New 911 system coming online

Dispatch Supervisor Rushay Nowlin and Kathy Michealson at their stations. Upgrades to the dispatch system are expected to permit faster response.

The county’s move to an updated Computer Aided Dispatch system in the next 60 days is expected to create efficiencies, in turn leading to better performance, Heber Springs Fire Chief Jason Robitaille said.

Robitaille said the technology behind the new system had been well-proven in other applications, and would help responders and equipment get on-scene faster.

Dispatch Supervisor Rushay Nowlin shared this outlook.

Both are working on the move to Computer Aided Dispatch, called “CAD,” as part of the overall change and upgrade to the county’s 911 dispatch system.

Current dispatch operations, out of the Heber Springs City Hall building, are expected to move to the county OEM office Jan. 8, Nowlin said.

Robitaille said the benefits of the CAD system impact both immediate response, as well as providing data to facilitate planning and preparation for future emergencies.

In dispatch, the system permits faster data acquisition, shortening the time between when a call reaches 911 and when the initial dispatch takes place, such as providing detailed location data for a given caller.

Nowlin explained that the current system relied on the dispatcher’s experience in call response. With the new system, Robitaille said, the data takes place right on the dispatcher’s screen as the call is being received. Data would include if previous calls had been received from a given location, as might influence dispatch response.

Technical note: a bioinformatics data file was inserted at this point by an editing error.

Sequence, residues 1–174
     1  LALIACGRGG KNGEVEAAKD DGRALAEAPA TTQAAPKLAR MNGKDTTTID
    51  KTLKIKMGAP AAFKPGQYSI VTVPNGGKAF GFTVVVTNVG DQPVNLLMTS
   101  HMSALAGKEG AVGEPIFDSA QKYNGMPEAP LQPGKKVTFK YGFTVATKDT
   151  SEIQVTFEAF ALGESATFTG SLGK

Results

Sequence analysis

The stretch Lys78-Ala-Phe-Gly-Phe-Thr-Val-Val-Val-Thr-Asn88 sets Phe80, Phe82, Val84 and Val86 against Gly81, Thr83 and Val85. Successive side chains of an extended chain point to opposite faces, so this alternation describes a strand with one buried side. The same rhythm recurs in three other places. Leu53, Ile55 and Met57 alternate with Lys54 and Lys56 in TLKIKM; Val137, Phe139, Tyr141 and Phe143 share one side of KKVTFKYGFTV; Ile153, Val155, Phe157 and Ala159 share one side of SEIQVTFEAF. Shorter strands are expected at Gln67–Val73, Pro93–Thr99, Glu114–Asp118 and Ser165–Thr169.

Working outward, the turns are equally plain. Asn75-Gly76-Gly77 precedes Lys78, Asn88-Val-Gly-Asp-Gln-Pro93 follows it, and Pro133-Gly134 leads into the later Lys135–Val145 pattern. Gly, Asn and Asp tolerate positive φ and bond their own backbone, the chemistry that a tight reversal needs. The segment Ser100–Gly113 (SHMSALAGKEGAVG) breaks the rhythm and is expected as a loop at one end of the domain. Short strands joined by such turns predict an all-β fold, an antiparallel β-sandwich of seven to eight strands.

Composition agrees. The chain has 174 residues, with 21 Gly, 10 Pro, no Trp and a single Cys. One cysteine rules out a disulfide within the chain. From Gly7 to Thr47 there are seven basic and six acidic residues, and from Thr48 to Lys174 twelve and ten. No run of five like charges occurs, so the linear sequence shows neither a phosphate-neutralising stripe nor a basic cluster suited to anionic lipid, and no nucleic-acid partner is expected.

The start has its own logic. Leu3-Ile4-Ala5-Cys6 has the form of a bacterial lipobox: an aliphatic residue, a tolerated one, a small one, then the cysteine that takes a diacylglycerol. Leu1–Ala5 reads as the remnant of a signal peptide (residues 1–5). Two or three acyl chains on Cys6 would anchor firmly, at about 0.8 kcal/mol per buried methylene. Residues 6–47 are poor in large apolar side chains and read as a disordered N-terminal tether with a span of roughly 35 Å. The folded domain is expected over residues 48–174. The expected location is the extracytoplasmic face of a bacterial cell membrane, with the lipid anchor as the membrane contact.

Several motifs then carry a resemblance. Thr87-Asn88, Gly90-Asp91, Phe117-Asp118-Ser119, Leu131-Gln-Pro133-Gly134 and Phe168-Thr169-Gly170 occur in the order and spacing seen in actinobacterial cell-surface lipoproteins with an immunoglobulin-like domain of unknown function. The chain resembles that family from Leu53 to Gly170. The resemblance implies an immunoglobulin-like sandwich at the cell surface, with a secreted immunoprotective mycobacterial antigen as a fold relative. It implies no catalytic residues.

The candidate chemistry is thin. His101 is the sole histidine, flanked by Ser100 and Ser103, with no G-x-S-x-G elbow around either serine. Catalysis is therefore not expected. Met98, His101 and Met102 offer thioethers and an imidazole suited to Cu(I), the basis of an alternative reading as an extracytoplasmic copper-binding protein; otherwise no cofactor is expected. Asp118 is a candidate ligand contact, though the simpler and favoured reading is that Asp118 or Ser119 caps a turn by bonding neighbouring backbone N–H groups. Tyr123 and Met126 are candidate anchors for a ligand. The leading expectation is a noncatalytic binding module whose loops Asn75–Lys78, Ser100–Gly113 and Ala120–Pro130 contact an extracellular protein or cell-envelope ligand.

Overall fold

This same data can be transmitted to responders on-the-fly, Robitaille said, so the, in effect, where to go and when questions is answered right on the responder’s cell phone.

The CAD system is “... a big game-changer” for the county, Robitaille said.

The advantage extends past just the immediacy of dispatch, Robitaille said. By the nature of the system, more data is retained and processed over 911 activities. This allows several advantages, including acquiring data useful for grant applications as the data would show a particular or growing need.

Further would be the ability to parse data to find active times and/or areas which would help responders, including police, target particular problem areas. If dispatch receives multiple calls in a particular area or during a particular time for, say, fires, data would show the higher activity levels and decisions could be made in advance of the next problem time-cycle.

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